Clutter has extended beyond the walls of the residence. There are items typically found in a residence left outside of the structure. HVAC devices have not been functioning for longer than one season. There is likely some damage to the residential structure.

The population of animals at the residence exceeds legal limits. There is inadequate animal sanitation and the animals exhibit control issues. There is at least a light insect infestation at the premises. There may be problems with other vermin at the residence as well.

Clutter prevents the functionality of key areas in the residence. Several appliances do not function properly. Smaller hazards exist on the premises, like broken glass.

Evidence of unsanitary conditions exist. This can include heavily soiled food preparation surfaces, dirty dishes, and dirty toilets. There are obvious odors. Trash cans are overflowing or not in use at all.

Dirty laundry is scattered throughout the house. Medications are not properly stored.

The need for medium personal protective equipment exists in this type of environment. This equipment includes face masks, eye protection, gloves, disposable clothing covering, shoe covers, and caps.

Level IV

The situation at the residence has become serious. At Level IV, the residence necessitates a coordinated, collaborative team of professional service providers, together with family members or other supportive individuals. The collaborative team is likely to include mental health professionals, social workers, financial counselors, pest and animal control officers, licensed contractors and handypersons. There likely to be mental health and financial issues playing into the situation at the residence.

At Level IV, there tends to be excessive exterior clutter, which includes items normally found inside a residence. HVAC devices have not functioned for over a year. There exists structural damage to the premises. There very well may be sewer-related problems, exhibited by odors.

The animal population exceeds legal maximums. The animals at the premises engage in destructive behavior. Animals like rodents live in the basement, walls, or attic. There is a medium level if insect infestation that may include fleas, bedbugs, lice, or cockroaches.

There is a diminished use of key living areas. In fact, more than one room cannot be used at all for its intended purpose.

There exists rotting food at the premises. Dishes and utensils are not usable. Beds lack linens and residents are likely sleeping on mattresses on the floor. Medications are not properly stored.

Full personal protective equipment is necessary to remediate the situation at a Level IV resident. This includes face masks, safety goggles, and all manner of protective clothing as previously described at Level III.

Level V

The residential situation at Level V is severe. This is the residence of a hoarder. A layperson is likely to consider the situation in a Level V residence as catastrophic. The residential environment requires intervention from a broad spectrum of professionals. They must operate as a team. These professionals likely include mental health professionals, social workers, building manager, zoning, fire, and/or safety agents. If at all possible, family and friends need to be involved in the remediation process as well. A person living in a Level V residence likely experienced mental health, financial, and legal issues.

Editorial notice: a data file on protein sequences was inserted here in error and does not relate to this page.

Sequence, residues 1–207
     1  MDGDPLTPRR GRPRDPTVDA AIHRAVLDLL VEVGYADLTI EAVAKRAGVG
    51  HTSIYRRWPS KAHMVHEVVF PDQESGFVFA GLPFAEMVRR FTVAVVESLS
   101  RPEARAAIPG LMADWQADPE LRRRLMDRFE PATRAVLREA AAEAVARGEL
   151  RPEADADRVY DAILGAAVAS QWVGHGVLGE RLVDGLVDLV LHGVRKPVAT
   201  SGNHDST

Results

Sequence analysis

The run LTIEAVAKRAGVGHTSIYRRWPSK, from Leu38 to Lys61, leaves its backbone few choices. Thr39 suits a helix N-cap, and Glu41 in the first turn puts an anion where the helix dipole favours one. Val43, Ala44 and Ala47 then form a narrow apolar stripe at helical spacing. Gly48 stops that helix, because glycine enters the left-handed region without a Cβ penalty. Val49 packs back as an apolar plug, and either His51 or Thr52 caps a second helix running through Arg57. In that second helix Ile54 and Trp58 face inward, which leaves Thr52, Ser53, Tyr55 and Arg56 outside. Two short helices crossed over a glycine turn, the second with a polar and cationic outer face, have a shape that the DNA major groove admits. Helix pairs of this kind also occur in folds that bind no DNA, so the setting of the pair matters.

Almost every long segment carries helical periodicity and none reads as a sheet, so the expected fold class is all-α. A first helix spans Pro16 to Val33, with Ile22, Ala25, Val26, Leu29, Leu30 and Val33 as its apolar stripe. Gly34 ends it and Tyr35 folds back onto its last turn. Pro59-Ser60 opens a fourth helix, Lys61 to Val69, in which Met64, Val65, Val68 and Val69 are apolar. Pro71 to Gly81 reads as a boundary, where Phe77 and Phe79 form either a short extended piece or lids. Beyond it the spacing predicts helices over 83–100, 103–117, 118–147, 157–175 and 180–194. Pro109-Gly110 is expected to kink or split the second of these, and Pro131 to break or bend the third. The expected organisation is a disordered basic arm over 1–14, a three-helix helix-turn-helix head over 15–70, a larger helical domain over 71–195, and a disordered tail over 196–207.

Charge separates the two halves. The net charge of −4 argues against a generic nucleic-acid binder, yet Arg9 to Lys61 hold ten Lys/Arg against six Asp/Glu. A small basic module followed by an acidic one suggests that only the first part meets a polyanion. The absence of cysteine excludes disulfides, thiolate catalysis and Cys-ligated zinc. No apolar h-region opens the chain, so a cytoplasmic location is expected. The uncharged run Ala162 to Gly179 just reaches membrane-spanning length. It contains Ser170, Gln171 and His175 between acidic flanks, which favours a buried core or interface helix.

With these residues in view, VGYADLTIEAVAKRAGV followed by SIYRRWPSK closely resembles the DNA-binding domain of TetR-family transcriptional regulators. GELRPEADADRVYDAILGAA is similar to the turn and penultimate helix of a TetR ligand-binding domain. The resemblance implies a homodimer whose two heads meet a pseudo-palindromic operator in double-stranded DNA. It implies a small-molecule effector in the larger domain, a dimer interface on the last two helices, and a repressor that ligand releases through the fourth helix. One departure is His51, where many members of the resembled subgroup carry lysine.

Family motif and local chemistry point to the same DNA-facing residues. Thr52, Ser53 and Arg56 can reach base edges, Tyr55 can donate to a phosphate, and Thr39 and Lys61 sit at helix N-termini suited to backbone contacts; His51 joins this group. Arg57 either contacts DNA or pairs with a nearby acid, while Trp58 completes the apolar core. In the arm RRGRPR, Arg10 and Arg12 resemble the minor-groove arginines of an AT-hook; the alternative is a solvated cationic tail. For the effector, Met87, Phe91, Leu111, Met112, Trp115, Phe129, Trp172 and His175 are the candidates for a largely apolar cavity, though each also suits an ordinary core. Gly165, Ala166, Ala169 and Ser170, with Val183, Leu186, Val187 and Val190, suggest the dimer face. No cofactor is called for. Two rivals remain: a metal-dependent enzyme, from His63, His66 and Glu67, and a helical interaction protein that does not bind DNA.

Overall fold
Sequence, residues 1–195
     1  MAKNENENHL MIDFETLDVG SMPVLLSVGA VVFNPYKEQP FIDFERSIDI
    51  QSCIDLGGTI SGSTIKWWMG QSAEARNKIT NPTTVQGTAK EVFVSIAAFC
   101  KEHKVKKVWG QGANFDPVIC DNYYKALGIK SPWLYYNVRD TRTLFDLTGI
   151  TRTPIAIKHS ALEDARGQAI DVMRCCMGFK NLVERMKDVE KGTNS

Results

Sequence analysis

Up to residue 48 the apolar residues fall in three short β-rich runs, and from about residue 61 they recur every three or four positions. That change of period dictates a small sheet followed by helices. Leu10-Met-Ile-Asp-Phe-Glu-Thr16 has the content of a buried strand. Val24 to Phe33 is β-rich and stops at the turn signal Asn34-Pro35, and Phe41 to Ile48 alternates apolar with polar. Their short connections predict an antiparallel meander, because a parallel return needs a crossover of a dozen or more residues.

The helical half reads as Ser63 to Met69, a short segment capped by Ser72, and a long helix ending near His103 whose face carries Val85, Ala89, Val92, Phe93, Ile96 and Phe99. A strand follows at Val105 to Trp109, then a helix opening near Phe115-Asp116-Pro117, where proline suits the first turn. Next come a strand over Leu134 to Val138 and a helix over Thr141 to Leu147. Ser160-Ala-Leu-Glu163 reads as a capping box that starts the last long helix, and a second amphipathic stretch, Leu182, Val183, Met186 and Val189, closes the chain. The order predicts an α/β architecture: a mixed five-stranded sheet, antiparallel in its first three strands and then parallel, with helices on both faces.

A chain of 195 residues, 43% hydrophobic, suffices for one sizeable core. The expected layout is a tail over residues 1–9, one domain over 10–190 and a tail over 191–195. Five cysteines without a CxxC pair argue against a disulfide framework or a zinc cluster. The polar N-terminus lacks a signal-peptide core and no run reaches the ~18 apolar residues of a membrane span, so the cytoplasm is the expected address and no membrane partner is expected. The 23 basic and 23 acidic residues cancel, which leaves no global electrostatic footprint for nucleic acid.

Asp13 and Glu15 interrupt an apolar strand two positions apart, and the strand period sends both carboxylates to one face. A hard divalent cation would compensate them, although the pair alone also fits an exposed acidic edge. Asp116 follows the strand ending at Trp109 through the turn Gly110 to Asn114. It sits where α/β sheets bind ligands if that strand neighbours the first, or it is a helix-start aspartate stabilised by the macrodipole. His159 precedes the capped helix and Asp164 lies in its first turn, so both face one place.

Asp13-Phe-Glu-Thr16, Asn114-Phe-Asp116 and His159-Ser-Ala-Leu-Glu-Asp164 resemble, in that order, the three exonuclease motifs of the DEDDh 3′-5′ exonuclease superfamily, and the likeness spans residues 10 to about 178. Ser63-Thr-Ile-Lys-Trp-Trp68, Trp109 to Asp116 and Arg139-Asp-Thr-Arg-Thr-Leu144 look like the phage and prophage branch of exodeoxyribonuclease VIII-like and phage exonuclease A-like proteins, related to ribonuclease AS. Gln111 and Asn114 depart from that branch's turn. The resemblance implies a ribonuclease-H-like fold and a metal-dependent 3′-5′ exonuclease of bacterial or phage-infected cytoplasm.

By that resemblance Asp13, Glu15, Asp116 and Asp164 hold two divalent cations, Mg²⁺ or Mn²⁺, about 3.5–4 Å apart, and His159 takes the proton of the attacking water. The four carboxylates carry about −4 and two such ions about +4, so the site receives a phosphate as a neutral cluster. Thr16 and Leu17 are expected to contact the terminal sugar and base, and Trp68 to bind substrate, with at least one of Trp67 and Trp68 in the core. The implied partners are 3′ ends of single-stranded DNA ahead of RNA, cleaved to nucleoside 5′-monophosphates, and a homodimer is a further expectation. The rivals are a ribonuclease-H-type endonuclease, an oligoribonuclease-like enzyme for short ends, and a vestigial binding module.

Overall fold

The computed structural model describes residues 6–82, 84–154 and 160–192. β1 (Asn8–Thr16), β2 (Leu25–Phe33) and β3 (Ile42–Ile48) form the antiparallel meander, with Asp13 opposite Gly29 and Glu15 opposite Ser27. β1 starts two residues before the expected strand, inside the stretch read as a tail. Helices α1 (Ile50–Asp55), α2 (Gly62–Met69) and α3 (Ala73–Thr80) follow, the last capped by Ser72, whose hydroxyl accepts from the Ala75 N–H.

Extreme interior and exterior clutter exist. There likely is not ventilation into the premises and HVAC systems do not function. The plumbing, electrical, and sewage systems are unreliable. Pervasive odors exist at the premises.

Animals are at risk, both to themselves and to humans, because of their numbers, behavior, and health. There exist pervasive vermin and insect infestation at the residence.

Key living spaces are not usable. Indeed, most of the rooms in the residence are likely unusable and perhaps even unpassable. Toilets, sinks, and bathtubs are not functioning.

Rotting food is present on the premises, together with human excrement. Beds are unusable due to clutter, infestation, or both. Dishes and utensils are unusable or even nonexistent.

Full personal protective equipment is required for a person involved in the remediation of the situation in a Level V residence. This is the equipment set forth in Levels III and IV.

In the final analysis, addressing a situation involving hoarding, or even less severe chronic disorganization, requires access to professionals of different types. The situation requires appropriate, comprehensive remediation assistance. In addition, a person suffering from chronic disorganization or hoarding needs resources, support, and assistance going forward to prevent a repeat of problems and issues in the future.


Emily Kil

Co-Owner of Eco Bear Biohazard Cleaning Company

Together with her husband, Emily Kil is co-owner of Eco Bear, a leading biohazard remediation company in Southern California. An experienced entrepreneur, Emily assisted in founding Eco Bear as a means of combining her business experience with her desire to provide assistance to people facing challenging circumstances. Emily regularly writes about her first-hand experiences providing services like biohazard cleanup, suicide cleanup, crime scene cleanup, unattended death cleanup, and other types of difficult remediations in homes and businesses.